Michigan offers wonderful outdoor opportunities throughout the year, including world-class fishing. While some anglers head for the indoors when the temperatures dip, others look forward to winter’s most popular angling activity – ice fishing.
Need an incentive to head outdoors? How about fishing for free? February 13 and 14 is the 2016 Winter Free Fishing Weekend in Michigan, which means residents and visitors alike can fish without a license (all other fishing regulations still apply). Experience the state’s fisheries in winter, we promise you won’t be disappointed.
If you’ve never been ice fishing there are a few things to think about so you’re prepared to have a fun and safe experience. The Michigan Department of Natural Resources often recommends anglers follow these six simple rules:
- Never fish alone.
- Tell someone where you’re going and when you expect to return.
- Always test the ice with a spud (a long shank with a chisel-like end).
- Take the appropriate emergency items, such as ice picks and a life jacket.
- Take a cell phone (enclosed in a plastic bag) in case you need to call for help.
- Lakes tend to be a safer choice during the early winter as streams or rivers have flow which makes them less safe at times.
After you round up your gear you’ll want to think about which species to fish for and which areas you might find them in. Check out these location suggestions!
Southwest Lower Peninsula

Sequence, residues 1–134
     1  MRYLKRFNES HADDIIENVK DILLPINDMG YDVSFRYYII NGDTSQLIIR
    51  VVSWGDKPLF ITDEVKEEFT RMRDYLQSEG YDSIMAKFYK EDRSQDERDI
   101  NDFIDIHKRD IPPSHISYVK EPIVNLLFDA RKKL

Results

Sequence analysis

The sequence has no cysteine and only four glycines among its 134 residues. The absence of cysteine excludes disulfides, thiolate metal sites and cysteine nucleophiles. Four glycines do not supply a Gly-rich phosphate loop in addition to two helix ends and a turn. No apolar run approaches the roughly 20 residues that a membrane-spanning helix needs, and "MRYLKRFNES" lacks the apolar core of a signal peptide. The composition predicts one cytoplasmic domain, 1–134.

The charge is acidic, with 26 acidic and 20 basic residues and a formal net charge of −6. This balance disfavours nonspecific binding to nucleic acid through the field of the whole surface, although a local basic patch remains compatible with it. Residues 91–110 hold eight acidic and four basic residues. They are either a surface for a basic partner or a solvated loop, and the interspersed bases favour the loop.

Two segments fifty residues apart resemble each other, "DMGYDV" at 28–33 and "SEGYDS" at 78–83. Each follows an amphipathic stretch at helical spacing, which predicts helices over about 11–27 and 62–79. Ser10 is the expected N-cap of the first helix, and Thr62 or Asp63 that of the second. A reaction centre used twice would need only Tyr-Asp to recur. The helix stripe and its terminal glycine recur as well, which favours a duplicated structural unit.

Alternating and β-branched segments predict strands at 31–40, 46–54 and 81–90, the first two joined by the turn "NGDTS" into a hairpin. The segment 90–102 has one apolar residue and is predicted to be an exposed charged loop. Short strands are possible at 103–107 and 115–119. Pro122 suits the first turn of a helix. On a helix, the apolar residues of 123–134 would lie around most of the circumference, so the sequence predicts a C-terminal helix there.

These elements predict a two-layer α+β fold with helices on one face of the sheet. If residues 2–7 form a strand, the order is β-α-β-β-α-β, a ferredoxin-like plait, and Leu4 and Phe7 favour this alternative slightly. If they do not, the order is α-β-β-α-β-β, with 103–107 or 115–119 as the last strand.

Coldwater-Marble Chain of Lakes (Branch County): This is one of the most popular ice fishing destinations in southwest Michigan. The chain consists of several interconnected lakes with a combined area of around 2,700 acres. These lakes produce a variety of game species; including bluegill, pumpkinseed, yellow perch, black crappie and redear sunfish.
Northeast Lower Peninsula
Fletcher Floodwaters (Alpena/Montmorency counties): This 8,000 plus acre shallow impoundment often freezes fairly early in the winter and is an extremely popular winter fishing location. Anglers can target northern pike, yellow perch, bluegill, pumpkinseed and black crappie.
Southeast Lower Peninsula
Saginaw Bay: Anglers should fish early and late ice near shore for yellow perch and deeper areas for walleye at this popular destination. The best walleye fishing is miles offshore.
Lake St. Clair: This lake provides ample access with opportunities to catch many different species, including yellow perch, walleye, northern pike, bluegill and pumpkinseed.
Northwest Lower Peninsula
Higgins Lake (Roscommon County): This is a 9,900 acres ice fishing bonanza and offers excellent fishing opportunities for yellow perch, northern pike, lake trout, herring, whitefish, rainbow trout and smelt.
Eastern Upper Peninsula
Munising Bay (Alger County): When ice is established in Munising Bay, the fishery is comprised of splake, coho salmon, lake whitefish and cisco. Also available are smelt, yellow perch, lake trout and burbot.
Southern Upper Peninsula
Big Manistique Lake (Luce/Mackinac counties): This 10,000 acre lake has a maximum depth of about 20 feet. The primary winter sport fisheries revolve around walleye, yellow perch and northern pike.
Western Upper Peninsula
Lake Gogebic (Gogebic County): This 13,000 acre inland lake offers anglers good opportunities for walleye, northern pike, black crappie and yellow perch.
Don’t miss your chance to experience Michigan’s outstanding winter fishing opportunities and to get your family outdoors. Start planning your next fishing trip at michigan.gov/fishing!
Elyse Walter is a communication specialist for the Michigan Department of Natural Resources. Elyse works specifically with the DNR’s Fisheries Division to help educate and promote the state’s fishing opportunities and aquatic resources.